If there was any doubt left that many lawmakers on Utah’s capitol hill are strongly considering the impeachment of scandal-laden Attorney General John Swallow, it was blown away this afternoon.
Representative Spencer Cox (Republican, Fairview) published a blog post on his website Friday afternoon, demanding the Utah State House of Representatives immediately commence impeachment proceedings against Swallow. While careful to note that he was not calling for Swallow to be actually impeached (yet), Cox made the strong argument that the impeachment proceedings themselves are the only way for the Utah legislature to make its own investigation.
Of course I believe that the Attorney General is innocent until proven guilty in a court of law. The Founders could have easily said, “if an office holder is convicted of a crime in a court of law, the office holder shall be removed from office.” They didn’t. As such, impeachment must mean something different than “just removing someone from office who has committed a crime.” In fact, correctly understood, impeachment proceedings become our profound duty in order to restore the public trust by either, (1) proving the allegations and removing the officeholder, or (2) absolving the person from wrongful allegations.
As many commentators and members of the media, including Utah Political Capitol, have pointed out over the last few months, at this point it doesn’t matter whether the newly elected Republican attorney general actually committed a crime or not. While the investigations by the FBI, Salt Lake County District Attorney and Davis County Attorney will determine whether there is jail time in Swallow’s future, the commitment of a crime should not be the sole determining factor for impeachment. Rather, Cox argues, the impeachment of an elected official should derive from whether or not they have violated the public trust.
In a phone call with UPC Friday evening, Cox tells us that the point of his article wasn’t to push lawmakers to push other lawmakers into opening proceedings. “The article came from two things. Firstly, I’m upset with the narrative that the spokespeople for Swallow are saying. They’re saying that absent of criminal prosecution we couldn’t impeach. That’s clearly not the case, so I wanted to show what [impeachment] actually is and to clarify that. Secondly, I also wanted to break the glass ceiling about impeachment and say it’s ok to talk about it. My hope is that this will advance the discussion, so that we can talk about it. Everyone who’s got a forum on this isn’t talking about the impeachment, and we’ve got to be talking about it. There has been such an abuse of the public sentiment.”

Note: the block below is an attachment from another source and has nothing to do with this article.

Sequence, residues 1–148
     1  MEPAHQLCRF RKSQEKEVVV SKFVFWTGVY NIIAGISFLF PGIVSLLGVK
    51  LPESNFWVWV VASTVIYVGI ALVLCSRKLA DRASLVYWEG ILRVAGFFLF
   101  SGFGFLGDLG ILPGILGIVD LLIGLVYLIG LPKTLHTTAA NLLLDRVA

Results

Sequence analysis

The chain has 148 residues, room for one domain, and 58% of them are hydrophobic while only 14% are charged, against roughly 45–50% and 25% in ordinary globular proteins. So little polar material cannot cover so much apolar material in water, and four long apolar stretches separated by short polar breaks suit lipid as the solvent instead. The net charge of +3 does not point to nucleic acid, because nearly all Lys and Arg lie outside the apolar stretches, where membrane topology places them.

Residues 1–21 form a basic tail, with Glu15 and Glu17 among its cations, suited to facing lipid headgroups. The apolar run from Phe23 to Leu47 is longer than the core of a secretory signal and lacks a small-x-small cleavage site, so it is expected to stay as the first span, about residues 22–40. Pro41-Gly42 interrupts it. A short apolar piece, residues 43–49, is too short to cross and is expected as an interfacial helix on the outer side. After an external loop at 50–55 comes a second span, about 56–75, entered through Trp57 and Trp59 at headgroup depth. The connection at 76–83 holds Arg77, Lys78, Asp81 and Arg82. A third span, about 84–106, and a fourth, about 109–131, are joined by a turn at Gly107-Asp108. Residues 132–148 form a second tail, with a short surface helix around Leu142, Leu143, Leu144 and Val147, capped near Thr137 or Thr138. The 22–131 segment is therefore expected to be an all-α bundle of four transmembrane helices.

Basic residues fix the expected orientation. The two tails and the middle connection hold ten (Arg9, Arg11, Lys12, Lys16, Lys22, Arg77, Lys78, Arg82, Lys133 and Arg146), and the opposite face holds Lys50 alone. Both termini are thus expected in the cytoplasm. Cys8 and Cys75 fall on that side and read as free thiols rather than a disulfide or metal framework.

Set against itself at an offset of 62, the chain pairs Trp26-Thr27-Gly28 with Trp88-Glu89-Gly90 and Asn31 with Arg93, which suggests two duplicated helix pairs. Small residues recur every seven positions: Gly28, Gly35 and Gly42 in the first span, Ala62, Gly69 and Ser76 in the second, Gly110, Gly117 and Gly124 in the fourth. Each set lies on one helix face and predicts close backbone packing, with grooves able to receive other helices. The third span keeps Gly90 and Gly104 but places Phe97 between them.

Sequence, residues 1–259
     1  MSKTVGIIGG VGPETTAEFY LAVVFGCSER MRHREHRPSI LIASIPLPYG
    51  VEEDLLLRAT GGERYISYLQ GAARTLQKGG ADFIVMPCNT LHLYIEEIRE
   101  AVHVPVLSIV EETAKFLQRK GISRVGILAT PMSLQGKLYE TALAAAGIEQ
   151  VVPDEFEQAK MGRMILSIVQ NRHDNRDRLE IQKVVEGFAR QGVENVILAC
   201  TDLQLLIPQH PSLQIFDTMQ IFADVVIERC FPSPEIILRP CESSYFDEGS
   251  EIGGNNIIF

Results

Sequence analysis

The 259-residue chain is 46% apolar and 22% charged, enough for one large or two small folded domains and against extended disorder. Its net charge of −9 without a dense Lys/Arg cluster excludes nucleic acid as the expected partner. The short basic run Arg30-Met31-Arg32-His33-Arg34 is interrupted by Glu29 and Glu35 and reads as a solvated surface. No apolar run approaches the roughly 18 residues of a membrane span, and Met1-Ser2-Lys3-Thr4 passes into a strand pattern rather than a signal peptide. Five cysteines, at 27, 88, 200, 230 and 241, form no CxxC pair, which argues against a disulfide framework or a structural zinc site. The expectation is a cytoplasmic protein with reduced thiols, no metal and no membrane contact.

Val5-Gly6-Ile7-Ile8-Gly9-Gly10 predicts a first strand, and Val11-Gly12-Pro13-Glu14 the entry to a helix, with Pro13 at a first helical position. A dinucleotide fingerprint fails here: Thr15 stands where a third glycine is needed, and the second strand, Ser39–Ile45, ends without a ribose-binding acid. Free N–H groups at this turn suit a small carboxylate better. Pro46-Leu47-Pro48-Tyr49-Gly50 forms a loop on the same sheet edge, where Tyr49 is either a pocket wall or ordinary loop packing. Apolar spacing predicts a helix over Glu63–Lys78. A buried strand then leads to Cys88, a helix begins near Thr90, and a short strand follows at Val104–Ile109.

In response to news that the House Republican Caucus will be meeting on June 19th to discuss the possibility of an impeachment proceeding moving forward, the Utah Democratic Party put out a press release this afternoon demanding that the meeting be moved out of a closed-door caucus setting and be held in public.
“Clearly, the proper place to discuss this matter, get the facts, and create a plan of action to move forward is in an open, bipartisan public hearing,” said Senator Jim Dabakis, who is also the party’s chairman. “It is absolutely inappropriate to even propose carrying out this business in a closed GOP caucus meeting. This contempt for the public approach exemplifies the arrogance and good-old-boy network that got us into this mess in the first place, and yet, it appears no lessons have been learned by Utah’s GOP.”
Cox says he agrees that an impeachment proceeding should, in the end (if it moves forward at all), come from both sides of the aisle. But he adds that he’s not so sure that the caucus meeting is a bad idea. “Caucus meetings are a great place to have this discussion. We’re going to have to figure out whether or not to open this caucus to the public, but I’ve always advocated for openness. That said, people are more hesitant to discuss their true feelings when the public is there. The caucus meeting won’t be the end of it though, and I hope that if this [impeachment proceeding] does happen at some point, it will be a bipartisan effort.”